Tried and true toddler travel tips … try saying that three times fast? It’s an accurate title though, because that’s exactly what we’re going to cover in this post.
These tips span a wide range of topics, from packing to sleeping and more. They’re also mostly small or specific changes that can make a big difference to reduce stress and increase enjoyment. What they all have in common though is that they’re things we’ve learned from traveling with a toddler over the course of three years, through 10 countries, 50+ flights, and 100+ hotel stays. (And none of them are about packing snacks, because I know you know that.)
It goes without saying that all kids and parents are different. These are things that have worked well for us, and I hope that some (or maybe even all) of them will be useful to you, too. I hope these little nuggets will help you travel a little more comfortably and confidently with your own tiny adventurer.
1. Start your packing list early, and add to it regularly.
The first thing I do after we book a trip is start a note on my phone called “[Destination] Packing List.” Anytime I randomly think of something that could be useful on that trip, I immediately add it to the list.
The most important part of this tip is making sure the list is somewhere easily and regularly accessible. I use my phone, because that’s always on me. If you’re a paper-notes person, make sure that you keep that notepad with you at all times. Inspiration can strike at any moment, and the point is that you can write down the thought immediately after it comes to you.
This list always ends up including random, but super helpful things that I would have likely forgotten. In my experience, that has been things like a Festivus shirt for a holiday trip, sunglasses for a snowy vacation, and Zip Lock bags for Holi in Udaipur.
When it’s time to pack (or write up your full packing list, which is a separate activity for people like me), you have a good baseline of things you might have otherwise forgotten.
With kids, you always want to be a step ahead. When they ask for the specific paw patrol cup at bedtime or their shirt to match Grandma, you want to have it. This method helps ensure you remember to bring all of those little things, without the stress of having to remember it all in the moment when you’re packing the day before your trip.
2. Store travel essentials in your suitcase.
I know Marie Kondo tells us to unpack as soon as we get home from a trip. For the most part I do, but there are a few things I leave inside my suitcase at all times.
Specifically, I leave the core to our toddler’s travel sleep setup in the suitcase. This includes the portable white noise machine, travel case for the Nanit, blackout travel curtain, inflatable bedrails and a color-changing travel nightlight. (PS this nightlight is my favorite hack for Hatch light users. You can read about how we use it in tip #9 of our 10 Things to Know About Hotel Stays with Toddlers post.)
I may not take all of these things with me on every trip, but I’m at least sure I won’t ever forget them. If I don’t need something for a specific trip (for example, I rarely bring the curtain), I leave it in the space where my suitcase belongs. When I return home, I’m reminded to pack it back inside when I put the suitcase away.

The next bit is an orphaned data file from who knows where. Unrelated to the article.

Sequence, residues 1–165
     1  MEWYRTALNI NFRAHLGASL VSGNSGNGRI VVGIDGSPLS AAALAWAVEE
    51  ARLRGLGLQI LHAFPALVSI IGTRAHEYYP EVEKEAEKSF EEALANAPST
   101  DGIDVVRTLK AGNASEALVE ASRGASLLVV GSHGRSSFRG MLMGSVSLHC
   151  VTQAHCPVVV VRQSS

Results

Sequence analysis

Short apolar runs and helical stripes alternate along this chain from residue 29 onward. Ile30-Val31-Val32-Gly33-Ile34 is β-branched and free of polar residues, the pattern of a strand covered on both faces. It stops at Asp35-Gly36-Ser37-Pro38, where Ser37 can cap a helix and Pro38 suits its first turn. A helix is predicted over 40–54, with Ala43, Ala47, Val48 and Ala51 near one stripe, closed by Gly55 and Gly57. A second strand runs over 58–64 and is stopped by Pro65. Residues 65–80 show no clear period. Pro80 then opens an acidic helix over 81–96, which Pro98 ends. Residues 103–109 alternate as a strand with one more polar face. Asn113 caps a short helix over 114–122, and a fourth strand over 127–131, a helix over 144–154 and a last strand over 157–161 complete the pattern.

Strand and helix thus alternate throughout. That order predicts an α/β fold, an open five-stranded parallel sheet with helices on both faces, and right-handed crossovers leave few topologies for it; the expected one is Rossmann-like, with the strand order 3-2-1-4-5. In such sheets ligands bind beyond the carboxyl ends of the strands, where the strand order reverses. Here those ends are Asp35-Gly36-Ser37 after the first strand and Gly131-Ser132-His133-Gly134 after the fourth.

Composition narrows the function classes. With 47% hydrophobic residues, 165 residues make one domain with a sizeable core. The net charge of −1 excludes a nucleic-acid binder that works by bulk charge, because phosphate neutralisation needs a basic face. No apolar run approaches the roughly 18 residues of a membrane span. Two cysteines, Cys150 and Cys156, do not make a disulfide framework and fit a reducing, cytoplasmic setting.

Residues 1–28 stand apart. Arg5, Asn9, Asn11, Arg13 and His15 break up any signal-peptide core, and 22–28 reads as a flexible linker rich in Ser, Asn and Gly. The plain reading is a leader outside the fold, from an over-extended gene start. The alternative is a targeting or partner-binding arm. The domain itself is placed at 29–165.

This is just another way to help reduce packing stress by ensuring that you have the essentials covered without having to think about them.
2.5. Order duplicates of frequently used travel items.
Another thing we started keeping in our suitcase at all times was a pre-packed electronics kit and medicine kit. You can do this with any set of items that you always bring on every trip. That way, you have all of these items already put together and packed, and don’t have to add them to your list every time or grab anything at the last minute.
For example, our electronics kit includes cords for charging our phones, watches, computers and tablets. It also includes portable chargers, international outlet converters, and various other dongles and multi-USB ports. This one was very expensive to create, but we travel enough that it was worth it to always have all the cords and chargers we need without any extra thought or packing.
A cheaper thing to duplicate is a medicine kit. This one includes things like children’s Tylenol, sunscreen, Pepto Bismol, Tums, Advil, toothpaste, bandaids, etc. We keep this one in a clear TSA-approved bag and make sure all liquids are under 3 ounces. My husband uses this as his liquids bag, so it has a handful of his other toiletries read-to-go as well.
The most important thing about doing something like this is making sure you keep it stocked. If you run out of something or lose something, you have to be sure you replace it immediately so it’s ready for your next trip. Otherwise, it kind of defeats the purpose.
3. Live out of your amenity kit for 2 weeks before your trip.
This is the one thing that helped alleviate the most packing stress for me. A few weeks before your trip, pack your amenity kit for you and your kid. It should include everything you and your child need to get ready for the day and for bed.